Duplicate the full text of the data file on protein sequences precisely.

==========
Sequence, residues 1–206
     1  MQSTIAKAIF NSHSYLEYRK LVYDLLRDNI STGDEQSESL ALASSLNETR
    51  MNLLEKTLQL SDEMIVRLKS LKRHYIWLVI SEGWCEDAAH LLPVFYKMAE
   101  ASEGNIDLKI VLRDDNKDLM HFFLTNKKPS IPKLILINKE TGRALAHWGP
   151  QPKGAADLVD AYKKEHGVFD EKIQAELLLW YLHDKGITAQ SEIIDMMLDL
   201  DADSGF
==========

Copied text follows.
Sequence, residues 1–206
     1  MQSTIAKAIF NSHSYLEYRK LVYDLLRDNI STGDEQSESL ALASSLNETR
    51  MNLLEKTLQL SDEMIVRLKS LKRHYIWLVI SEGWCEDAAH LLPVFYKMAE
   101  ASEGNIDLKI VLRDDNKDLM HFFLTNKKPS IPKLILINKE TGRALAHWGP
   151  QPKGAADLVD AYKKEHGVFD EKIQAELLLW YLHDKGITAQ SEIIDMMLDL
   201  DADSGF